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ConDems will stand or fall over pensions

The largest and most powerful strike for a quarter of a century, in defence of public sector pensions, must lead to a movement to bring down the ConDem government or it will have no chance of success.

June 30

Prime minister Cameron has nailed his colours to the mast over pensions, claiming that they are “unaffordable”. In practice, the attack on pensions is part of a calculated two-fold strategy.

The first part is to make civil servants, teachers and council workers pay for the financial crisis in higher contributions to help reduce the government’s budget deficit. Secondly, by making people work longer before getting a pension of any kind, exploitation is being extended closer to the grave.

With the Lib Dems on board over pensions – unlike the NHS changes now mostly abandoned – the coalition has chosen to stand or fall over pensions as well as other cuts imposed by chancellor George Osborne.




The magnificent response yesterday by 750,000 teachers and civil servants from four trade unions in response to a one-day strike call shows that workers are ready to fight to a finish on this issue.

Up to 100,000 took to the streets of Britain’s town and cities in demonstrations – more than 20,000 marched in London – and shut thousands of schools in England and Wales. Over 90% of the police support workers in the capital went out on strike. Courts were shut along with many museums.

The action by four unions came on the day that doctors overwhelmingly backed a ballot on industrial action over NHS pensions plans. The Royal College of Nursing, representing more than 400,000 members, warned that it may end up doing the same.

Mark Serwotka leader of the Public and Commercial Services union hailed the turnout as proof of the anger felt towards the government by public sector workers, and said of the government:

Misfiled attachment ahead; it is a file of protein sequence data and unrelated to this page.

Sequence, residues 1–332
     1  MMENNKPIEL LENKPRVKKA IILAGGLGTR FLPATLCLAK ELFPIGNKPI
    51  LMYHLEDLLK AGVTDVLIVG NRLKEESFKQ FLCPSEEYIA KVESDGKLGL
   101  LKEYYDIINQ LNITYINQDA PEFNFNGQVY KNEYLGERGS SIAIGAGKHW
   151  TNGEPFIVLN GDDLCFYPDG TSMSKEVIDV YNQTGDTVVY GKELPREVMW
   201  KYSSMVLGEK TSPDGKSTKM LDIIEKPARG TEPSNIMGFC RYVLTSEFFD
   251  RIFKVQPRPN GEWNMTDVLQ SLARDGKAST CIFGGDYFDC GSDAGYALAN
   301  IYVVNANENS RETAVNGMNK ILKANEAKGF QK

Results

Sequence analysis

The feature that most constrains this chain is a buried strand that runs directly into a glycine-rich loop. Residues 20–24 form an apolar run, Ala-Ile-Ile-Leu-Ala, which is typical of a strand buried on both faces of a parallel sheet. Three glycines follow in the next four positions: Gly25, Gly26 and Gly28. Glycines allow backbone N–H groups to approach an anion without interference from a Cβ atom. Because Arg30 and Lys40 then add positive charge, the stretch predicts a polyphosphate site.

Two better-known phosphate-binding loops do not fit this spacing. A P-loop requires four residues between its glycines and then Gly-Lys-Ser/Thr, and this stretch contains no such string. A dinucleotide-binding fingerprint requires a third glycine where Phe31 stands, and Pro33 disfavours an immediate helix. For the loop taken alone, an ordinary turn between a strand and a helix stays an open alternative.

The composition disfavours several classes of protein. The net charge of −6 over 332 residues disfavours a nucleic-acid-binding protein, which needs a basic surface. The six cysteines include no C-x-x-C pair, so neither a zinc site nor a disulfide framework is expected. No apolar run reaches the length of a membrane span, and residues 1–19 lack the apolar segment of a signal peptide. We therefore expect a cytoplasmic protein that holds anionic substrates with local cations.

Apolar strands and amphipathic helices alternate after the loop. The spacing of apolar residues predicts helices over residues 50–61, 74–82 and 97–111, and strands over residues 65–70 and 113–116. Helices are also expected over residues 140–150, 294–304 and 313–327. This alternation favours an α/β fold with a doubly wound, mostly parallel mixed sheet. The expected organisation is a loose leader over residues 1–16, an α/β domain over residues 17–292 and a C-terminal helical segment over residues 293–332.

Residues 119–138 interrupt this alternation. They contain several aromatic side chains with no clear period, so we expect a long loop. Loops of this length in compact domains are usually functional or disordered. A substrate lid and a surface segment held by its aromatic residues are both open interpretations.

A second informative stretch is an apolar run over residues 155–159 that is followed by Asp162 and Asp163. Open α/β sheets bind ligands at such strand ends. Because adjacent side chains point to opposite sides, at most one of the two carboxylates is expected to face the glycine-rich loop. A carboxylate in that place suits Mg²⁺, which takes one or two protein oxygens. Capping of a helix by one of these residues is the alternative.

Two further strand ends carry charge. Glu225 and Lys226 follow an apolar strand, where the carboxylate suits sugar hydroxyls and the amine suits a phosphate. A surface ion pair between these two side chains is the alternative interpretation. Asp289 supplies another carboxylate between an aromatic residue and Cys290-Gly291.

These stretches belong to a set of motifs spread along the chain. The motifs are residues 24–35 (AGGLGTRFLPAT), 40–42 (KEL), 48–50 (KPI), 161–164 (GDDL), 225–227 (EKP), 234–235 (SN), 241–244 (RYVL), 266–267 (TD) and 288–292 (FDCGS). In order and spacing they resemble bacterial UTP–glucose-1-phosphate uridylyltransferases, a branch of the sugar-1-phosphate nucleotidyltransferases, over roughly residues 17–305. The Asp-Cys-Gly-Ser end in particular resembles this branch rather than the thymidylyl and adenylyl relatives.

What they now need to do is get around the negotiating table and try to negotiate an agreement. They haven't done that yet, but hopefully having seen how strongly feel today they will have a change of heart.

It's a very, very clear signal to the government that they have been rumbled. This is not about pensions, this is about making public sector workers pay for the economic problems, and we are determined to keep going until they change direction.

There was contempt for Labour leader Ed Miliband who denounced the strikes as “wrong”, saying the “the public have been let down by both sides”. Mary Bousted, general secretary of the Association of School and College Leaders, told the London rally that his comments were a "disgrace”. Bousted, whose union has never before gone on strike, said Miliband should be ashamed of himself. "If our strike is a mistake, what has he done to oppose this devastating attack on our pensions?"

The four unions who took action yesterday are not affiliated to Labour and Serwotka called on the major unions who were not out yesterday to join a big strike movement in the autumn if talks fail.

But suspicions are mounting that the leaders of Unison, Unite and the GMB – urged on by Miliband – are desperate to reach an agreement with the government and avoid a confrontation that could assume general strike proportions.

They may not get the opportunity to do a deal, however. "If Cameron backs down on this one, he's a busted prime minister," Nottingham University politics professor Steven Fielding told Reuters. "He's nailed his colours to the mast."

In this context, calls for a one-day general strike to browbeat the government are seriously wide of what is required. Such actions have had no effect in Greece, for example. An all-out confrontation is looming, despite behind-the-scenes manoeuvres.

Those unions who took part in yesterday’s action have to mobilise the rest of the labour movement and the community at large to bring down the ConDem government. With Labour clearly no alternative, this would create the conditions to create fresh political solutions to deal with the capitalist crisis.

Paul Feldman
Communications editor
1 July 2011

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